22. Forget investing in Gold people.

    Start investing in Good ROPE manufacturing.

    One day soon the demand for good rope will skyrocket. Along with Noose tying classes,…just sayin

  23. The irony. Wen do cops reasonable respect anyone’s reasonable expectation of privacy. Or probable cause for that matter. Doesn’t this video show reasonable suspicion? That most general and useful of all tools.

  24. Hahahahahahahahahahahahahahahaha. If I believed in Karma, this would be the prime example of it.

    Stupidity, ignorance, and inflated sense of self-importance as being more powerful than others; and they are caught in their own “I am god” preset trap. Marvelous.

  25. Fuck You, Asshole!
    When on the job you have no expectation of privacy.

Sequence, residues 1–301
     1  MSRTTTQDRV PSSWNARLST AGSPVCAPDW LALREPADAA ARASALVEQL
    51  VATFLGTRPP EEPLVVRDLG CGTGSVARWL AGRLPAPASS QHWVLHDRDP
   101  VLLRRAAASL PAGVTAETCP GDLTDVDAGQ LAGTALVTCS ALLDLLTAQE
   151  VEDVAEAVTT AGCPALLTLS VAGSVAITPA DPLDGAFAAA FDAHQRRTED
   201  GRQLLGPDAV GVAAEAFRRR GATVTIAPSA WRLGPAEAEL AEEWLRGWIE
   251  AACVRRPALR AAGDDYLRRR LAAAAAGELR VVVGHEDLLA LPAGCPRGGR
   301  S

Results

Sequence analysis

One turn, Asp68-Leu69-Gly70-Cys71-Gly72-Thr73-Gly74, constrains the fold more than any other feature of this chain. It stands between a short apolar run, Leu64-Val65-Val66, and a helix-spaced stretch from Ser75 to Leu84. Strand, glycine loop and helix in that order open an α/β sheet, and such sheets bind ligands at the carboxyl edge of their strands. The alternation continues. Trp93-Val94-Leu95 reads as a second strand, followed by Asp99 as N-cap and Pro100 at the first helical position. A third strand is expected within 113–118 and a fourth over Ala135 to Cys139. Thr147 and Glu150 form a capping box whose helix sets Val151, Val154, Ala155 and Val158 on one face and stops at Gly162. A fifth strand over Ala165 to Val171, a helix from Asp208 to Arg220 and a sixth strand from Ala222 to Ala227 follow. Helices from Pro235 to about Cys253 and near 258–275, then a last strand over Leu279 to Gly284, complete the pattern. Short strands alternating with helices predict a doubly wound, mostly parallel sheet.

26. https://goo.gl/7yjCBT

    ^^^This links to the supreme court decision regarding illegally obtained evidence by private individuals.

    Illegally obtained evidence may be used in investigations and as evidence in court as long as it is not obtained by an agent of the state or on their behalf.

    So even if the evidence was illegally obtained, it doesn’t matter.

  27. https://goo.gl/7yjCBT

    ^^^This links to the supreme court decision regarding illegally obtained evidence by private individuals.

    Illegally obtained evidence may be used in investigations and as evidence in court as long as it is not obtained by an agent of the state or on their behalf.

    So even if the evidence was illegally obtained, it doesn’t matter.

  28. Just substitute any other act in that statement: Cops say video of them (beating disabled suspect, raping prostitute, wrecking suspect’s home, stealing merchant’s goods, etc.) violates their privacy. See how “reasonable” that sounds. Hah! No wonder they wanted privacy. It’s only an offence if they get caught? Sorry guys, it’s an offence even if you don’t get caught. Oh, by the way, stealing merchant’s goods is what they were really doing in addition to ingesting regulated drugs.